- What other names is Tyrosine known by?
- What is Tyrosine?
- How does Tyrosine work?
- Are there safety concerns?
- Are there any interactions with medications?
- Dosing considerations for Tyrosine.
Tyrosine is used in protein supplements to treat an inherited disorder called phenylketonuria (PKU). People who have this problem can't process phenylalanine properly, so as a result they can't make tyrosine. To meet their bodies' needs, supplemental tyrosine is given.
People take tyrosine for depression, attention deficit disorder (ADD), attention deficit-hyperactivity disorder (ADHD), the inability to stay awake (narcolepsy), and improving alertness following sleep deprivation. It is also used for stress, premenstrual syndrome (PMS), Parkinson's disease, Alzheimer's disease, chronic fatigue syndrome (CFS), alcohol and cocaine withdrawal, heart disease and stroke, ED (erectile dysfunction), loss of interest in sex, schizophrenia, and as a suntan agent and appetite suppressant.
Some people also apply tyrosine to the skin to reduce age-related wrinkles.
- Phenylketonuria (PKU). People with PKU are not able to process the amino acid phenylalanine, which is used by the body to make tyrosine. Because of this, people with PKU can have low levels of tyrosine in the body. People with PKU are advised to consume 6 grams of tyrosine per 100 grams of protein to improve tyrosine levels in the body.
Possibly Effective for...
- Mental performance. Some early research suggests that taking tyrosine 2 hours before testing does not improve mood or speed of reaction to visual or noise stimuli in healthy people. However, several studies show that tyrosine improves mental performance under stressful conditions, such as military training, cold-induced stress, or noise-induces stress.
- Memory. Some early research suggests that taking tyrosine 2 hours before testing does not improve memory in healthy people. However, several studies show that tyrosine improves memory under stressful conditions, such as cold-stress or multitasking.
- Improving alertness following the loss of sleep. Taking 150 mg/kg of tyrosine seems to help people who have lost a night's sleep stay alert for about 3 hours longer than they otherwise would. Also, early research suggests that tyrosine improves memory and reasoning in people who are sleep-deprived.
Possibly Ineffective for...
- Attention deficit disorder (ADD). Taking tyrosine by mouth does not seem to improve symptoms of adult ADD.
- Attention deficit-hyperactivity disorder (ADHD). Taking tyrosine by mouth does not seem to improve symptoms of childhood ADHD.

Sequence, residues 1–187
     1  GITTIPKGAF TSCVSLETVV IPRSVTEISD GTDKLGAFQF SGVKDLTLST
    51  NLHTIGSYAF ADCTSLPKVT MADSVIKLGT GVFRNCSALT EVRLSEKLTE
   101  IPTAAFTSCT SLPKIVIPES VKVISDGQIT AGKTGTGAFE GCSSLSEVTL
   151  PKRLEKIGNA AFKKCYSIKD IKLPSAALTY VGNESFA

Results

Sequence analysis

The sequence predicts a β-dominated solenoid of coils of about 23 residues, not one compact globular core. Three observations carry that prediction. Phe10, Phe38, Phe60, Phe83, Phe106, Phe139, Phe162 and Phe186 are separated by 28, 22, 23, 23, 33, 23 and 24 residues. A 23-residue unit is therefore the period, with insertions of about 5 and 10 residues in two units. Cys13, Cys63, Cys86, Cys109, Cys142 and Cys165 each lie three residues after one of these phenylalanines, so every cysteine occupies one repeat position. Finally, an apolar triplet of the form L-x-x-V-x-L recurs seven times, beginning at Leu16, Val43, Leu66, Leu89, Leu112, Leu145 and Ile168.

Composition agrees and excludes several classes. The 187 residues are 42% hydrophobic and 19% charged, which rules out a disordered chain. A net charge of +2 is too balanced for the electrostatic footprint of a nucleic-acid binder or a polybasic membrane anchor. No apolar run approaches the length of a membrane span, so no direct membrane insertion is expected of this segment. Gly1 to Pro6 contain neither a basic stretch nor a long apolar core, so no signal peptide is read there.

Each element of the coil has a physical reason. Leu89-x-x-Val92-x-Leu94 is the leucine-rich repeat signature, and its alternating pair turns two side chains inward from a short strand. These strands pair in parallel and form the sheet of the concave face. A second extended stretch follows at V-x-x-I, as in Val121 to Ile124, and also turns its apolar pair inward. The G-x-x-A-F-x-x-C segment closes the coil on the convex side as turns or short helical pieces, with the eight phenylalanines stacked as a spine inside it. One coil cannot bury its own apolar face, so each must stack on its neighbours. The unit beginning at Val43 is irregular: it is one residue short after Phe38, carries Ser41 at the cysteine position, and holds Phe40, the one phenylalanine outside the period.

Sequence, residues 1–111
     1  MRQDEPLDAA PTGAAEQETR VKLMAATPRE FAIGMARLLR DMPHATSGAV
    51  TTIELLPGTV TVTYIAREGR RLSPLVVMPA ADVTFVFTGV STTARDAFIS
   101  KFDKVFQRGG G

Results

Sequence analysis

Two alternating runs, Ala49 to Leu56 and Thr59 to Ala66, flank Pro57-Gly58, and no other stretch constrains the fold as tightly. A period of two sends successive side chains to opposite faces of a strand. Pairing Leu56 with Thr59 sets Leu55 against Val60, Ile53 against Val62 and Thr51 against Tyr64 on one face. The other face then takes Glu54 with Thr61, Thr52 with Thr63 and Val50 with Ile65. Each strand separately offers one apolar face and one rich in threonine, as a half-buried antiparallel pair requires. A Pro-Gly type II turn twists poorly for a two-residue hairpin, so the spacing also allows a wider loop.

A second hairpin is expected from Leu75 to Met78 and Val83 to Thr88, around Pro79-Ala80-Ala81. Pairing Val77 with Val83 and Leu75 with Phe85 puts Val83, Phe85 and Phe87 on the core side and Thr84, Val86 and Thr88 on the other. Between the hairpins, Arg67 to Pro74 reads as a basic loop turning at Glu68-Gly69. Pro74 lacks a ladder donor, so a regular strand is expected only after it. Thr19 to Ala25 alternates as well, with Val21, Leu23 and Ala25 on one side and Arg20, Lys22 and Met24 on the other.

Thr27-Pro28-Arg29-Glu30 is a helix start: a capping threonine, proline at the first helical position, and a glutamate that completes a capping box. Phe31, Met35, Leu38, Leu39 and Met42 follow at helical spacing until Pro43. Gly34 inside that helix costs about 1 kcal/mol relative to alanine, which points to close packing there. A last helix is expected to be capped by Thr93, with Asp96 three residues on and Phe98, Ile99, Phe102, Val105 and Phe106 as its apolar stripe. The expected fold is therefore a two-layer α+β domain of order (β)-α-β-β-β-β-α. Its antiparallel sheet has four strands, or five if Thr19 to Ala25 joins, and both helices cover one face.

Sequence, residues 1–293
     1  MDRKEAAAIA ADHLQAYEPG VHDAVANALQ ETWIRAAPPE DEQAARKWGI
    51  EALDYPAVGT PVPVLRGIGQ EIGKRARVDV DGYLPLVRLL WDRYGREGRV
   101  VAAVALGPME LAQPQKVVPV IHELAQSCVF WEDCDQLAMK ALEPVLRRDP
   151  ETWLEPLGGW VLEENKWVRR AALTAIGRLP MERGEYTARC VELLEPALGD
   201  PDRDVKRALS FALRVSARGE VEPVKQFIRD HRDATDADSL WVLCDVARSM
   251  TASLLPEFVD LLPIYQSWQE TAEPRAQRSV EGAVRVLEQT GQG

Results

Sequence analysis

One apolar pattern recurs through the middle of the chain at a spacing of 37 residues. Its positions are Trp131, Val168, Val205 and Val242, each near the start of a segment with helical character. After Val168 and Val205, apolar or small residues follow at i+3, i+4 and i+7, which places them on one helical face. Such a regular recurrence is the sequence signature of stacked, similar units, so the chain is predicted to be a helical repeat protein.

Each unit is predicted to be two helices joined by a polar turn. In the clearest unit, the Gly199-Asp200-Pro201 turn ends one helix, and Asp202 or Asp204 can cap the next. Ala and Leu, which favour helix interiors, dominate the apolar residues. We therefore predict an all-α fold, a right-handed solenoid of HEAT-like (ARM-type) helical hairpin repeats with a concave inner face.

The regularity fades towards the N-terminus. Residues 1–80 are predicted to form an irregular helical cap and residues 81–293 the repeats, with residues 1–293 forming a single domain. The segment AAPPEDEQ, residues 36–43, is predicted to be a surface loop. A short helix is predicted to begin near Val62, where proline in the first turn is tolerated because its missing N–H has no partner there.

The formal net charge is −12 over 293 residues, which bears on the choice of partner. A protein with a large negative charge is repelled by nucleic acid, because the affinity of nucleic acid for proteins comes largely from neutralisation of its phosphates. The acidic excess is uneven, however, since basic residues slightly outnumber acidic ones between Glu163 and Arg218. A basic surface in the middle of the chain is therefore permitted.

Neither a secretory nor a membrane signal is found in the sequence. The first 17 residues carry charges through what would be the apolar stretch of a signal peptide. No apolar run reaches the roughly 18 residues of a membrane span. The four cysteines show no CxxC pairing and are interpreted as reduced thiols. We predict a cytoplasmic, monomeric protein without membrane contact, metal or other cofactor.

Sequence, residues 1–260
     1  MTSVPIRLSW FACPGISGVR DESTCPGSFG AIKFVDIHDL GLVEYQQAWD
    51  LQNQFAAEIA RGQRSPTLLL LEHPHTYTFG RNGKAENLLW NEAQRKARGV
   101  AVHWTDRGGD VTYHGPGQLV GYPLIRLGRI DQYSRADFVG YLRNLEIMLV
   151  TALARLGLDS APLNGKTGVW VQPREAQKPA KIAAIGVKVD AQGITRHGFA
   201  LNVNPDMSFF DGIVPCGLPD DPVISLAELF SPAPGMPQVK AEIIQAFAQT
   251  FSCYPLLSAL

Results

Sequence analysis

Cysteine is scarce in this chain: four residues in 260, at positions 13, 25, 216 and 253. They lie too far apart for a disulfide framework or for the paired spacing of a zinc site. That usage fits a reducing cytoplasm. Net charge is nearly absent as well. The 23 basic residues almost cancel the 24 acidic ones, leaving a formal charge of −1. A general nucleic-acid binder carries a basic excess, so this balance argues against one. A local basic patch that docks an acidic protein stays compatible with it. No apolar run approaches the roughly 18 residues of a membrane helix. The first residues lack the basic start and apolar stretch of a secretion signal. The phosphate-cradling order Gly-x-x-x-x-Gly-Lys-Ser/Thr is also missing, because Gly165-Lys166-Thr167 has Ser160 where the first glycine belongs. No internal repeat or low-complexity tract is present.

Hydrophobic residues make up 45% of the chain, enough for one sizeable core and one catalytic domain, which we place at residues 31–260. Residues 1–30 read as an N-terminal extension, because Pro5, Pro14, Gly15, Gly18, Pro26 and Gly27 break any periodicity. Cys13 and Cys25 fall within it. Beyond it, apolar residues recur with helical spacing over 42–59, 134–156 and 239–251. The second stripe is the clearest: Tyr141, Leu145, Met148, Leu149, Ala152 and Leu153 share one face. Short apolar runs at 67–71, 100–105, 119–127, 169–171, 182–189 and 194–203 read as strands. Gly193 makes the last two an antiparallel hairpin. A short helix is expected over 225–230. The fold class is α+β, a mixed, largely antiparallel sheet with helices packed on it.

- Depression. Taking tyrosine by mouth does not seem to improve symptoms of moderate depression.
- Exercise performance. Taking tyrosine before participating in treadmill walking with a load carriage does not seem to improve strength or endurance. Also, taking tyrosine, alone or with polydextrose 70, does not seem to improve heart rate or performance during a cycling test.
Insufficient Evidence to Rate Effectiveness for...
- Alcoholism. Early research suggests that taking a combination of D,L-phenylalanine, L-tyrosine, L-glutamine, and L-tryptophan along with a multivitamin might help reduce symptoms of withdrawal and decrease stress in alcoholics.
- Cocaine dependence. Early research suggests that taking L-tyrosine in the morning and L-tryptophan at night does not reduce drug cravings or withdrawal symptoms in people with cocaine dependence.
- Dementia. Early research suggests that taking a combination of tyrosine, 5-hydroxytryptophan (5-HTP), and carbidopa by mouth does not improve symptoms in people with severe dementia due to Alzheimer's disease or multi-infarct dementia.
- High blood pressure (hypertension). Early research suggests that taking tyrosine by mouth does not affect blood pressure in patients with slightly high blood pressure.
- Excessive sleepiness (narcolepsy). Research suggests that taking tyrosine by mouth might reduce some symptoms of narcolepsy, such as feelings of tiredness, based on patient ratings. However, it does not seem to improve most symptoms of narcolepsy based on clinical assessment.
- Schizophrenia. Early research suggests that taking L-tyrosine along with the drug molindone for 3 weeks does not improve symptoms of schizophrenia better than molindone alone.
- Weight loss. Taking a combination of tyrosine, cayenne, green tea, caffeine, and calcium for 8 weeks seems to slightly reduce body fat mass by 0.9 kg in overweight people. However, the combination supplement does not seem to improve blood pressure, heart rate, or the excretion of fat in the feces.
- Wrinkled skin. A topical preparation containing 10% vitamin C as L-ascorbic acid, acetyl tyrosine, zinc sulfate, sodium hyaluronate, and bioflavonoids (Cellex-C High Potency Serum) applied for 3 months to facial skin aged by sunlight seems to improve fine and coarse wrinkling, yellowing, roughness, and skin tone.
- Premenstrual syndrome (PMS).
- Parkinson's disease.
- Chronic fatigue syndrome (CFS).
- Alzheimer's disease.
- Heart disease.
- Erectile dysfunction (ED).
- Other conditions.
Natural Medicines Comprehensive Database rates effectiveness based on scientific evidence according to the following scale: Effective, Likely Effective, Possibly Effective, Possibly Ineffective, Likely Ineffective, and Insufficient Evidence to Rate (detailed description of each of the ratings).
Next: How does Tyrosine work?
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